A couple of other points.  First, the athlete in question is competing in tae kwon do.  One might ask where that sport fits on the continuum of ‘universal fundamental ethical principles,” “peace,” and “dignity.”

This is tae kwon do:





 In Korea, where the sport originated, ‘tae kwon do’ means “the way of foot and fist” or “the way of kicking and punching,” depending on who you talk to.

So if funding a visit to the Olympics to celebrate kicking and punching with brothel proceeds is inappropriate, what is acceptable? 

If you have a look at the Olympics’ Official Sponsors, you’ll see names like McDonalds and Coca Cola.  I guess high fat food and high sugar drinks are OK.  Less high profile, but equally up there in terms of fostering peace and human dignity is Smith & Wesson.  They are supplying Walther SP22 M4 pistols (i.e., handguns) to the National Junior Olympics Shooting Championship.  Admittedly, it’s not the real Olympics, but in patting itself on the back, S&W calls the Junior Olympics ‘an essential element for young shooters seeking an introduction to Olympic Shooting.’

So there you have it.  Unhealthy food that kills millions a year is OK.  Handguns, which cause untold misery and damage are OK.  Sex between consenting adults is not OK. 

It’s probably just as well that the NZOC is making an issue of this now, however.  It would be a lot worse if the guy went to the Olympics and got a gold medal and only then did his funding sources become public.  He may have to join the queue of Olympians forced to give up their medals.  After all, who knows what sort of performance enhancing drugs a brothel operator might have access to?

Worse, even if he slips by that scrutiny, what if, as an Olympic gold medal winner he gets a set-for-life advertising contract with McDonalds, Coke or Smith & Wesson?  Wouldn’t it be an embarrassment if only later they found out that he had gotten to the Olympics because of brothel money?   

After all, it could hurt their brand.

You’re Not Going To Believe This

I live in an OECD country that has a fairly respectable standard of living and reasonably respected educational system.  I also have an eight year old nephew who told me something that really got me wondering about all that.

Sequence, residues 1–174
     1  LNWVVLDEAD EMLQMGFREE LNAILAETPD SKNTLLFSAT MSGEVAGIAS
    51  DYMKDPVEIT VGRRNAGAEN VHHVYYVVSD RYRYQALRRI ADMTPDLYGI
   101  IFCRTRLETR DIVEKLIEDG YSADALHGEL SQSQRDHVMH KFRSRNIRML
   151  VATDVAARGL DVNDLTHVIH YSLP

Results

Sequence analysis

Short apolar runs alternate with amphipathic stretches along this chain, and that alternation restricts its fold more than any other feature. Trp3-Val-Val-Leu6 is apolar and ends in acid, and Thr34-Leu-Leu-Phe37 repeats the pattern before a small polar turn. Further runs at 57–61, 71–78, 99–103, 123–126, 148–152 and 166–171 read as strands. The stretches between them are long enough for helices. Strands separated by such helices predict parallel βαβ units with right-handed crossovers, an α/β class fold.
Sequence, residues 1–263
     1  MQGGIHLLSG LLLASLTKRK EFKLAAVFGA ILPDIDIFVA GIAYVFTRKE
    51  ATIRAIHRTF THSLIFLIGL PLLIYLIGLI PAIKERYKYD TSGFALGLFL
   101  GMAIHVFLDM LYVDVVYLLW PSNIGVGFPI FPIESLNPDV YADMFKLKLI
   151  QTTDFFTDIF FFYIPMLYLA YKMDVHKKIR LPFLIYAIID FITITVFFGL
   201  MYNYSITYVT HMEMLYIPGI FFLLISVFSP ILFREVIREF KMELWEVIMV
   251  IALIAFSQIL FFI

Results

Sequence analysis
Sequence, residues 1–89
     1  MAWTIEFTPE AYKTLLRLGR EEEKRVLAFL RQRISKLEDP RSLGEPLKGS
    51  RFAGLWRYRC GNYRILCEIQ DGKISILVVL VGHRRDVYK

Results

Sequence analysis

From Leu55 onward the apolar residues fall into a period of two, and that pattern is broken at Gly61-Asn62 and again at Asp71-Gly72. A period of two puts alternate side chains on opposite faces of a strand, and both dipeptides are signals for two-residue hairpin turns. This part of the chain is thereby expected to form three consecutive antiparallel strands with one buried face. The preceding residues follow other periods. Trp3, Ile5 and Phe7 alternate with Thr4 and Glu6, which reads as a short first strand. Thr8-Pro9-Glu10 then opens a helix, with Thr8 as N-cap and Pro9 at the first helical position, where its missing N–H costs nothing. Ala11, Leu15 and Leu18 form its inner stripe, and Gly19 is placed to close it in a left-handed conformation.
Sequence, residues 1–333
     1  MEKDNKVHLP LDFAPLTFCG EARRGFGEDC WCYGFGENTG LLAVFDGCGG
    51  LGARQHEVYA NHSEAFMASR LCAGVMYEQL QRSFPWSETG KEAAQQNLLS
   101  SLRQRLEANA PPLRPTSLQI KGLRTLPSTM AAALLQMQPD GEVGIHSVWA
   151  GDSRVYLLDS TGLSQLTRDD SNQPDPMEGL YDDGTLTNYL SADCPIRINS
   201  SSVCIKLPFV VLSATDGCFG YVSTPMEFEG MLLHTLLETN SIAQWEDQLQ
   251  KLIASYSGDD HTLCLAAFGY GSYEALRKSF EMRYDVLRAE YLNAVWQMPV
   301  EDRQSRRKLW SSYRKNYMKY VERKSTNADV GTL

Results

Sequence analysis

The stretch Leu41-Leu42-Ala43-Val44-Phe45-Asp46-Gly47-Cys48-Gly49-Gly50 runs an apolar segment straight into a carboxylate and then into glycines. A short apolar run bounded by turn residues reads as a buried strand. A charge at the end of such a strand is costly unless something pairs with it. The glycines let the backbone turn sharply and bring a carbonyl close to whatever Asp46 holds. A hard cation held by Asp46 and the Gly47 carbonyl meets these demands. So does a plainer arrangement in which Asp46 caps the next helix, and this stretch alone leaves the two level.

For a school assignment, he had to prepare a two minute speech on something that he was passionate about.  It is a testament to the quality of our educational system that eight year olds are encouraged to embrace causes with passion.  The topic he chose, which is alarming in itself, is the deplorable state of the restrooms in his school.  He may be passionate about clean toilets, but was even more passionate about his speech going well and he therefore has taken every opportunity to rehearse it in front of attentive and supportive family audiences. 

The speech is very entertaining but also rather horrifying if one looks at the subtextual issues being explored.  Even allowing for a bit of youthful hyperbole, the state of the toilets in the school must be shocking.  And it’s not some sort of institutional problem, like Dickensian management not providing amenities such as toilet paper or nightly cleaning.  The problem is that the little dears who use the toilets behave most indecorously. 

I’ll spare you the details, but if you’ve ever been to a sporting event or rock concert in which the facilities are taxed to the utmost, you will get some idea of what these school toilets are like at the end of the day.  Worse, however, is that a lot of the problem is self-inflicted—graffiti, toilet paper wads on the ceiling, and, get this, painting of the walls with excrement.

In the speech, my nephew stated that the problem was people “wiping the wall with used toilet paper.”  I told him flatly that I didn’t believe that could happen.  Why would anyone do that?  What possible point is there to such behaviour?  In a tone that implied that he thought he was answering my not so rhetorical questions, he said, “Actually, I don’t think they used toilet paper.  I think it was a ‘butt skid.’” 

“A butt skid?”


To put it delicately, a butt skid involves sliding one’s bottom across the wall while defecating.  My “no way” was countered with round eyed nods from both him and his six year old brother who goes to the same school.

So here you have kids attending a school where they are learning things.  And that is one of the things they are learning.  And it is so common, so quotidian, that it has actually been given a name. 

There are a number of questions that come to mind, and all of them center on the question of why.  I can’t think of a single answer that fills me with anything like comfort.  Why in a world of paranoia over head lice, swine flu and repetitive motion problems would someone do something so antithetical to the concepts of good hygiene?  Why in a world of Sesame Street, Barney,  Bob the Builder and Thomas the Tank Engine where decorum and good manners and being polite are drummed into the audience would someone do something so antisocial?  Why in a world of video games, flat screen TV, the internet and cell phones where these kids supposedly channel so much energy would someone still have the motivation to rub their butt on the wall while crapping?

Who is to blame for this?  I don’t know.  I fervently hope that they don’t learn this behavior at home.  Maybe it’s the fault of the toilet paper companies.  Based on their commercials, you would never guess what their product is really intended to do.  Maybe they are responsible for this gap in our kids’ knowledge.

Anyway, next week is the kids’ school program and we have been invited.  I might  venture into the restrooms to see conditions for myself.  Or maybe I won’t drink or eat anything for a few days before just to make sure I don’t have to use them.